Monday, February 14, 2011

Time Horizons: Data Processing

In the comments, Nadezhda linked to a post that linked to this paper -- "Heterogeneous Gain Learning and the Dynamics of Asset Prices"

The very basic gist of the paper, once you cut through the math, says this -- broadly speaking, there are two types of people in the market, buy-and-hold types and traders. Buy-and-hold types, however, don't have much influence on prices despite having the most money in the market. It's the traders that drive price fluctuations. So, then the question is, what drives the traders? The authors break up traders into two categories -- technical traders (those who look strictly at stock price trends) and fundamental traders (those who look at the metrics that ought determine the value of a stock). Thing is that these traders overemphasize recent data, and since they punch above their weight when determining prices, the market overreacts to recent data.

That's all pretty obvious, in FLG's opinion. But then FLG thought of another paper he read a while back "Constructing the Market Frame: Distributed Cognition and Distributed Framing in Financial Markets:"
The data available to professional actors in financial markets is overwhelming in quantity, and no individual or organisation can comprehend its totality. Selectivity in cognition is thus unavoidable. What is selected, and who or what influences that selection, are thus potentially matters of considerable importance.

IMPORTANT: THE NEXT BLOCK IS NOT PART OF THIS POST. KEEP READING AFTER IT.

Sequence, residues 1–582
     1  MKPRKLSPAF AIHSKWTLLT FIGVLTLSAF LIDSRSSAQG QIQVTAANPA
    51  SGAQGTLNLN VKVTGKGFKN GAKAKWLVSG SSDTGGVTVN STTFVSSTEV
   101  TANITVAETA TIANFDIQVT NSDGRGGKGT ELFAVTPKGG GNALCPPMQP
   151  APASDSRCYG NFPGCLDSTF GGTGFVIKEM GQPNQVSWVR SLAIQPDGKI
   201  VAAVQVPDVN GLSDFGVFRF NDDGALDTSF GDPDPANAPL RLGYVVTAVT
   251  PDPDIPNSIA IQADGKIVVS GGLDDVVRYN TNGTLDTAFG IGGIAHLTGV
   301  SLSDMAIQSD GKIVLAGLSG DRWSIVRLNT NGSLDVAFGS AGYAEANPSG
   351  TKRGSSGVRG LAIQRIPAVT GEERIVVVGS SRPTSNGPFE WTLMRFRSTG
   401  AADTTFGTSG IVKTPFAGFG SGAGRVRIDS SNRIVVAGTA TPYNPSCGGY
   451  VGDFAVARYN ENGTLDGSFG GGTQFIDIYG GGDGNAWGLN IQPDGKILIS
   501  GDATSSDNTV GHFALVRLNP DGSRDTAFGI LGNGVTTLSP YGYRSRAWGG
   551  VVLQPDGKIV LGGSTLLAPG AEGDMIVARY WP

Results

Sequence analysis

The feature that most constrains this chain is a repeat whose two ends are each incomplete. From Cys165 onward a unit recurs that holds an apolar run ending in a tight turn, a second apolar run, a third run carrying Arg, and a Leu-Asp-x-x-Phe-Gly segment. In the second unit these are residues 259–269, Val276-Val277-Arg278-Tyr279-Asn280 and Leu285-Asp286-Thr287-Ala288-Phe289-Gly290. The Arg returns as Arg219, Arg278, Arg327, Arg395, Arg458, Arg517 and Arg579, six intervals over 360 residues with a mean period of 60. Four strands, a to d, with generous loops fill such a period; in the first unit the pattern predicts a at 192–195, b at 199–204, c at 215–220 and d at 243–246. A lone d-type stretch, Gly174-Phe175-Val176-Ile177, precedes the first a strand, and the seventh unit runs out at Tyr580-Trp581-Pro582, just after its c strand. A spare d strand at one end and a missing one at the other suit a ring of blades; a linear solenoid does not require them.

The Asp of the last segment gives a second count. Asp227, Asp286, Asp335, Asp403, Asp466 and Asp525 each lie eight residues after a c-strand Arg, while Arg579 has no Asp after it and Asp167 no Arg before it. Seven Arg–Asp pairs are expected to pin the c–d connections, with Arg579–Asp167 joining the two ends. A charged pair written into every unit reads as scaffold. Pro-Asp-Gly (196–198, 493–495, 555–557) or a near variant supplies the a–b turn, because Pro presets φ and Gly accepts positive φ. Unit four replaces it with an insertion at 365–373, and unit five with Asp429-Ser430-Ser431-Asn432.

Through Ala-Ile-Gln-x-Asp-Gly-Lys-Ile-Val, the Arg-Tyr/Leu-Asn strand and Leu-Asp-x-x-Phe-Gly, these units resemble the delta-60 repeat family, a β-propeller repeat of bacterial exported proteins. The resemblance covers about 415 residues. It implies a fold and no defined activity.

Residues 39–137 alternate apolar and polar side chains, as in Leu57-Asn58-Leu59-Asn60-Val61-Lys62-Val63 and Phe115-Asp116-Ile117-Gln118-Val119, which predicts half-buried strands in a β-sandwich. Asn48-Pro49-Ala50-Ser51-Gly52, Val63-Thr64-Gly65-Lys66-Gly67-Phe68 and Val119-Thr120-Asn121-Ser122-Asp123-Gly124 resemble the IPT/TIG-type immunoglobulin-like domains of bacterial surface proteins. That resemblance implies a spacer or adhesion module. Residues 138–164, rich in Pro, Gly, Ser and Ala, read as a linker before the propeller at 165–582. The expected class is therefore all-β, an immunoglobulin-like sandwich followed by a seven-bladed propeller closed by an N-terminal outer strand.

FLG thought to himself: Imagine that we all possess differing, but ultimately fixed ability to analyze anything. This means you have to make a choice about what to analyze. You can either look at the long-term, do your homework, and take a buy-and-hold strategy. Or, you can look at the most recent data and try to make short-term profits. That is to say, you can either look at the forests or the trees, but not both. However, given the nature of today's interconnect world, new information is flying at traders. So, it's not even like the forest or the trees, but more like speeding through Endor on one of those speeder bikes.

Thus, the traders develop short cuts. They rely upon investment bank analysts, who it probably doesn't need to be said have a conflict of interest Chinese Wall or no, and rules of thumb, that may or may not be correct. To continue the Endor metaphor, these guys are speeding by getting radio reports from somebody saying that the tree that want to sell is great while blasting through the forest making judgments about the quality of the tree based upon the thickness of the trunk and color of the bark.

FLG, do you have a point in all this? No, not really. Just liked the Endor metaphor.

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